Dr Peter T Smylski
Pavlo Terefenko

With the recent passing of Dr Peter T Smylski, the Ukrainian community in Canada lost a man at the pinnacle of public service. His pioneering work in the field of Oral Surgery made him one of the great dental specialists of his day, and anyone who’s had wisdom teeth removed with the benefit of OHIP, can thank Dr Smylski’s efforts. His tireless work with Ukrainian cultural organisations had a priceless impact as is clear through the establishment of St Vladimir Institute as the central cultural location for Toronto’s Ukrainian community and for visiting Ukrainian students from around the world. 
Dr Peter Smylski was born in rural Manitoba, in 1915, to parents Tom and Anna Smylski, who emigrated from Halychyna. Dr Smylski grew up in a four-room house and started school in a one-room rural schoolhouse. He moved on to pre-med at the University of Manitoba, and after two years was encouraged to pursue dentistry. Never forgetting those who supported him in his pursuits, he remembered Harry Tyzuk telling him to get into dentistry because his “… muscles were so strong from farm work.”
Dr Smylski entered the faculty of dentistry in Edmonton and after graduating in 1940, attempted to enlist in the Air Force. He was turned down because of his poor eyesight, but ended up joining the Canadian Dental Corps. Soon after joining he was posted in a POW camp near Sudbury, Ontario where he provided dental services to thousands of prisoners of war.
Being a man with a passion for his fellow Ukrainians, Dr Smylski was very interested in the fate of Ukrainian servicemen and civilians displaced by the war. Along with Bohdan Panchuk, Ann Crapleve, and Steven Davidovich, he took a stance against the forced repatriation of political refugees. Dr Smylski helped draft, print and distribute a pamphlet to the United Nations pleading the DPs’ case. This cause caught the attention of Eleanor Roosevelt, US delegate to the United Nations, and she urged the Yalta Agreement be reviewed.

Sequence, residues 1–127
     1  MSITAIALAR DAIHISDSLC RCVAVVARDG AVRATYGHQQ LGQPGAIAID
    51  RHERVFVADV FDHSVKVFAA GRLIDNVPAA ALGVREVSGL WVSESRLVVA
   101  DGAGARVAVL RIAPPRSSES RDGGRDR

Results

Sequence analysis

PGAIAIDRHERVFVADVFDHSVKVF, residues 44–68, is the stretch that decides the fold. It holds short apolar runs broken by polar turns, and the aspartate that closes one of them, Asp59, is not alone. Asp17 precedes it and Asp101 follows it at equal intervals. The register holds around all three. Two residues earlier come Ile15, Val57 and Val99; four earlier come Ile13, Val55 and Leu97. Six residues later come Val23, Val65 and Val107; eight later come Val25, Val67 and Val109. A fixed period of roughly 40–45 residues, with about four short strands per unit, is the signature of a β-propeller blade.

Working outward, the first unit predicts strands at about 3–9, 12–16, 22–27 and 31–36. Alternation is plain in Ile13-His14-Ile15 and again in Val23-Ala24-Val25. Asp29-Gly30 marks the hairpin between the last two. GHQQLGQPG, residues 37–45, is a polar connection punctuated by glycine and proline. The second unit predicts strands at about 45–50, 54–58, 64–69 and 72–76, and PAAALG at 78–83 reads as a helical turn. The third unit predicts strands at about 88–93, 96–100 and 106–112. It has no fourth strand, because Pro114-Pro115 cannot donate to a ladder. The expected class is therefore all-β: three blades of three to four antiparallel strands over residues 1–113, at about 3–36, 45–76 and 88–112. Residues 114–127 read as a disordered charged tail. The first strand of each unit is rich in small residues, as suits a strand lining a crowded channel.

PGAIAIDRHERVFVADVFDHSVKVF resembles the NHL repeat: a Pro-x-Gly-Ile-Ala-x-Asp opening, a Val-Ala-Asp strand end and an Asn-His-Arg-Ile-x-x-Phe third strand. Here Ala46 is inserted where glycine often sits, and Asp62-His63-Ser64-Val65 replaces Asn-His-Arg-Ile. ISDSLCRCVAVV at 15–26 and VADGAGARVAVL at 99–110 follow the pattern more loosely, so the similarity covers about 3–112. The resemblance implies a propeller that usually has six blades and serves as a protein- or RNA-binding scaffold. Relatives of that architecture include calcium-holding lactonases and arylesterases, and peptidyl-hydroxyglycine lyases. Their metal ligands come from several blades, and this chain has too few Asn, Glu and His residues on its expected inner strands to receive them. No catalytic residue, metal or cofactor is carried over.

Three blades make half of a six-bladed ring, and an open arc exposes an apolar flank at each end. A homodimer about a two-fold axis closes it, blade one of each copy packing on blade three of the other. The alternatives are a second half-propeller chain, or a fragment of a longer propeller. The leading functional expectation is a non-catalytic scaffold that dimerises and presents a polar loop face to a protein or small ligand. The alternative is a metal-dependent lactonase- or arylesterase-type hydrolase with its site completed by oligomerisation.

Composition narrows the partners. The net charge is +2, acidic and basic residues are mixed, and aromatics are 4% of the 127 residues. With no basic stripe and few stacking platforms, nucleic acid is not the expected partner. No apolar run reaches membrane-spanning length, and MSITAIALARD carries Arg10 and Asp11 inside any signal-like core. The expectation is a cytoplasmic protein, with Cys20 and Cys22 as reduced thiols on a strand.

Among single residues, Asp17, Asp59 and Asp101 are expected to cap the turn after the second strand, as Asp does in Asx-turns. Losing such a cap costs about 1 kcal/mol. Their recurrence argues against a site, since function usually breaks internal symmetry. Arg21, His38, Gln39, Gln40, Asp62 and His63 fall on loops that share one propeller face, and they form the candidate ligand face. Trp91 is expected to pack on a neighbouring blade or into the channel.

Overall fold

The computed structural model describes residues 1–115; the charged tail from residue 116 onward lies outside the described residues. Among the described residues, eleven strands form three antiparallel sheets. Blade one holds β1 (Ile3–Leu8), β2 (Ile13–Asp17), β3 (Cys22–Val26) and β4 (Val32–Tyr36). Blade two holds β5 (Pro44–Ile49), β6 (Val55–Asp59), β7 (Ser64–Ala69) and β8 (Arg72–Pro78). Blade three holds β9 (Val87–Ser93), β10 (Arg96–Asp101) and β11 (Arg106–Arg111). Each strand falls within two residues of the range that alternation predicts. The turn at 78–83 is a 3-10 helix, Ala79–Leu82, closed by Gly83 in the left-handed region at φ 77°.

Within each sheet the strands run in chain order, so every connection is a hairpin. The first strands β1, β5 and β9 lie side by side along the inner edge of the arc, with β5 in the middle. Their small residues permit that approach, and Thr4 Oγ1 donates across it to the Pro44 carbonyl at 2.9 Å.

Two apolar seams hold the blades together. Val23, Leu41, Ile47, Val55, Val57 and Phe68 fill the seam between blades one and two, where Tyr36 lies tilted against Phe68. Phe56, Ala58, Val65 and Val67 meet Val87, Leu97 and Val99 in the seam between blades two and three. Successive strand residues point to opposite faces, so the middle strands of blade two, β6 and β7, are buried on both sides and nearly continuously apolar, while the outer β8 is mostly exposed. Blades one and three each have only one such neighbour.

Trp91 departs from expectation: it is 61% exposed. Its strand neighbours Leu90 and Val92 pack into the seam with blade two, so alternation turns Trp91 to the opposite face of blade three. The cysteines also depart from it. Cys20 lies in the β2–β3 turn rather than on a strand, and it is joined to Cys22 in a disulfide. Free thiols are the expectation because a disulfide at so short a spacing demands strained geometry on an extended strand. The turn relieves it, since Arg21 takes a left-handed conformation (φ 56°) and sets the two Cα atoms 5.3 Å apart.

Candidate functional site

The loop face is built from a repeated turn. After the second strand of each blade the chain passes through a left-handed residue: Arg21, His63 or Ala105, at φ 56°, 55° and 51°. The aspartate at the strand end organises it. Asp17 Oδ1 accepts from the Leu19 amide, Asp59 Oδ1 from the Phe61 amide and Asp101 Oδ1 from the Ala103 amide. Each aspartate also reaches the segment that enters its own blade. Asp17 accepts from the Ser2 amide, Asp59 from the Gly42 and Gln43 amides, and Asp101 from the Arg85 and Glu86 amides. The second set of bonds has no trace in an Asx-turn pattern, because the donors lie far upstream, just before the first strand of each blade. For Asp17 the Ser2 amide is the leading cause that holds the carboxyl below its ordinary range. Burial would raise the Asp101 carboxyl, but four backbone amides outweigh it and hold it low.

Quite by accident, Peter became aware of a military camp near Rome called Rimini. He happened upon the camp after talking pilot Joe Romanow into letting him come on a flight to Rome. He and Joe were of the same stature, and this way Peter managed to wear one of Joe’s uniforms, pretending to be an Air Force navigator. What Peter discovered at Rimini was a camp of about 9000 Ukrainian soldiers from the 1st Ukrainian Division of the Ukrainian National Army. The soldiers, who fought with Germany against the Russians, were being held there as prisoners of war after being badly defeated by the Soviet army at Brody, Ukraine in 1944. Peter saw the need to help these people avoid an uncertain fate at the hands of the Soviets. Dr Smylski gained the support of the British, and after several months these POWs were taken to England as free citizens. Most then moved to North America. Dr Smylski and fellow Ukrainians from Canada continued to push to allow Ukrainians in DP camps all across Germany to emigrate to the West, and many did, due in part to these efforts.